The Parliament contains the representatives of big capitalists and landlords, the Legislative Assemblies are full of landlords, while the Panchayat Board institutions remain their pocket organisations. The so-called opposition parties, which claim to be either democratic or leftist, are neither representing democratic nor the leftist movement. They can neither openly support, nor oppose the ruling classes. They while away their time with spurious criticisms.
A situation has already developed, wherein it can be said that there is no difference of a considerable nature, between the ruling party and the opposition.
(It is more evident than ever-more so after 1990s reforms—that all parties including the left are basically one in implementing the LPG policies dictated by IMF, imperialists and their capital.)
The Rajya Sabha, the Legislative Councils, the Panchayat Samithies and the Zilla Parishads are formed by indirect elections, though with an element of proportional representation (single transferable vote). Those defeated in the elections, in spite of spending huge amounts of money, and the favourites of the ruling classes fill the seats of the upper Houses. While the members are paid honorariums, the Houses are used to delay the legislative process. When the ruling party is in the grip of a crisis, its majority in the upper Houses is used to come out of the crisis. They serve no useful purpose. On the other hand, they have a reactionary role to play in all countries. India is no exception.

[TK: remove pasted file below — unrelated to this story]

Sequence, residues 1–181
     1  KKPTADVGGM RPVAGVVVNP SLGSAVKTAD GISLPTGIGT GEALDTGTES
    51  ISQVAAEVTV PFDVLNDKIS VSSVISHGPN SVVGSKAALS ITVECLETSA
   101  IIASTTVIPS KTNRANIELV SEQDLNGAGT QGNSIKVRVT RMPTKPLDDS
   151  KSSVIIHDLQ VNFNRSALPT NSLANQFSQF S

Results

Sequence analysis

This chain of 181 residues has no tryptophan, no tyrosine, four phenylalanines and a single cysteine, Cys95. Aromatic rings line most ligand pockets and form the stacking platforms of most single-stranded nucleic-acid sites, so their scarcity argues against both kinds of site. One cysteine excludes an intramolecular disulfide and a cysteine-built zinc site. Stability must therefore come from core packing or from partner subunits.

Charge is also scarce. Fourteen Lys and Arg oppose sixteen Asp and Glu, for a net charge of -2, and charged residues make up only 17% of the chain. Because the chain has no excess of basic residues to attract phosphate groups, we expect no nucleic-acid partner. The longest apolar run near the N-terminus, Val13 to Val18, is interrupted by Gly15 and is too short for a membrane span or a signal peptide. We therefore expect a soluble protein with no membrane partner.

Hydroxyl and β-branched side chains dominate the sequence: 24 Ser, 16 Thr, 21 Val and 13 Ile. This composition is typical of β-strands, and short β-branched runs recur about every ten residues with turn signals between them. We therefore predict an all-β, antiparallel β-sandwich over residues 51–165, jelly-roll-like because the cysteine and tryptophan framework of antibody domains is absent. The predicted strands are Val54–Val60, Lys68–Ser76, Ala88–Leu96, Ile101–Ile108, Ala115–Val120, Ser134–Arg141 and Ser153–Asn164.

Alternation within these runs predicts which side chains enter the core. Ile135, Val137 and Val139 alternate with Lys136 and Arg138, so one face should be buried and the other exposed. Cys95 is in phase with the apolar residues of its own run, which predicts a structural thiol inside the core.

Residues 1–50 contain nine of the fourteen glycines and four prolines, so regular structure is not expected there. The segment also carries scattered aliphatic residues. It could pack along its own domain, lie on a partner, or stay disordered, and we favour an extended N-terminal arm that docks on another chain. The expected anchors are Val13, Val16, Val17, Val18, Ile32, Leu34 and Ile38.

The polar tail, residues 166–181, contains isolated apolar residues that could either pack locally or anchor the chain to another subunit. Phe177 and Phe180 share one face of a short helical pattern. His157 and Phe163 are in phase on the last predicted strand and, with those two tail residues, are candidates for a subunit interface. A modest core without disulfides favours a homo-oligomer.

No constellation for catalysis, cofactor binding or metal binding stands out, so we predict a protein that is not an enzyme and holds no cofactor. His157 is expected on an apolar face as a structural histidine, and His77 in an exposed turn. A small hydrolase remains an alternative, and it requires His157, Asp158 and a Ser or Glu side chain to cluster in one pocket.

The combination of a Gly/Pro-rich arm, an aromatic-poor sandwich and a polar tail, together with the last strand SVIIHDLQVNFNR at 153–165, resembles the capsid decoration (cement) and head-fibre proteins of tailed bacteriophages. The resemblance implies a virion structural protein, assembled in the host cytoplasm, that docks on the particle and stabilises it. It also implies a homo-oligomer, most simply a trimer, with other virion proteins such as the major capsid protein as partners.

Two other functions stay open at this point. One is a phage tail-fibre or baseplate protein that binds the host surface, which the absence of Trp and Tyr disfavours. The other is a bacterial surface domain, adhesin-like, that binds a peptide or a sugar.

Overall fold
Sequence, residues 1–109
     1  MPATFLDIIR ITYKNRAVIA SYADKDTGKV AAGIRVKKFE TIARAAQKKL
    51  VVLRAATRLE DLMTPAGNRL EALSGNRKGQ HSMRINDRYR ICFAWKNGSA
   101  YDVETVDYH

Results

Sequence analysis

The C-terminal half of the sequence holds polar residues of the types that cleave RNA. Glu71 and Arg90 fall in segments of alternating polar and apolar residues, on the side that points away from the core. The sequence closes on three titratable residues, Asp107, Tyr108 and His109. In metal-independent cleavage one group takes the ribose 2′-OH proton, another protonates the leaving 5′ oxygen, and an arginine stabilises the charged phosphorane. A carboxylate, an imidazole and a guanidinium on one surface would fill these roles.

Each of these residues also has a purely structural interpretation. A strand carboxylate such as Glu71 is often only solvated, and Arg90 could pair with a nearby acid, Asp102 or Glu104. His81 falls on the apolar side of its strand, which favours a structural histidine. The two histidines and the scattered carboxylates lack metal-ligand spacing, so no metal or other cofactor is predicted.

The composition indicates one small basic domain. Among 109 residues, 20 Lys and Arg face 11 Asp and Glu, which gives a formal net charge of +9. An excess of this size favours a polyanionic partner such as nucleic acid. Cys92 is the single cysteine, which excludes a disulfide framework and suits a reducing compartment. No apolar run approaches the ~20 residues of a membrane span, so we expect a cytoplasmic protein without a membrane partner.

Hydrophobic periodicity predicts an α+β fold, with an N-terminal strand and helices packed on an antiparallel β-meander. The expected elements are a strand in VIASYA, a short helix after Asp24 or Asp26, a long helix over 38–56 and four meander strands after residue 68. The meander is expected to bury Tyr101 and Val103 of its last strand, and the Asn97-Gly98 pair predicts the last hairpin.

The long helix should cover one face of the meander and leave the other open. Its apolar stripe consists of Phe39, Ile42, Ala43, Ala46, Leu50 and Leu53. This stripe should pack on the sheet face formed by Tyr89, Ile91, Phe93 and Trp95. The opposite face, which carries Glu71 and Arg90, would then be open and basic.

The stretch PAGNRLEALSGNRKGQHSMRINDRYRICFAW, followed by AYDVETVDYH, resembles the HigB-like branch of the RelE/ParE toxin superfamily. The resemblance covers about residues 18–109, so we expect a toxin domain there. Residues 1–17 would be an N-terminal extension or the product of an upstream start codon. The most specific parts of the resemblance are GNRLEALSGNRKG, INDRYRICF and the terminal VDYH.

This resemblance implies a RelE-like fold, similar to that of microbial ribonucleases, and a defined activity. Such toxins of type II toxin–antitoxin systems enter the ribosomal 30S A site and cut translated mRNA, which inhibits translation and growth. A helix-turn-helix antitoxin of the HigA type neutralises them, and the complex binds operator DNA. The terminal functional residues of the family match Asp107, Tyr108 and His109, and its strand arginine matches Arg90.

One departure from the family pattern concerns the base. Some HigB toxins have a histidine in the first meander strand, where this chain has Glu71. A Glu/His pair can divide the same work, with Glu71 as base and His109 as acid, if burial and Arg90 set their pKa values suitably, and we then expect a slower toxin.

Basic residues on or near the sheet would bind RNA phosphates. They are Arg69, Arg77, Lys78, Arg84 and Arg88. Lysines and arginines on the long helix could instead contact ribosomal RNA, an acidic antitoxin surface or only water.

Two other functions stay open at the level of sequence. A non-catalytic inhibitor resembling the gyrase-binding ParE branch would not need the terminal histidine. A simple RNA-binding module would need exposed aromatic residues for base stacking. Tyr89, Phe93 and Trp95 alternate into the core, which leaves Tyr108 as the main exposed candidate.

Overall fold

All this shows that in addition to the Indian Constitution, the Parliament and the Legislatures, which are meant for legislation in accordance with the former, are the centres for the representatives of the big bourgeoisie and landlordism. People cannot expect any useful legislation for the common man from these institutions. (Courtesy Frontier Magazine, Pic courtesy Sciencespro)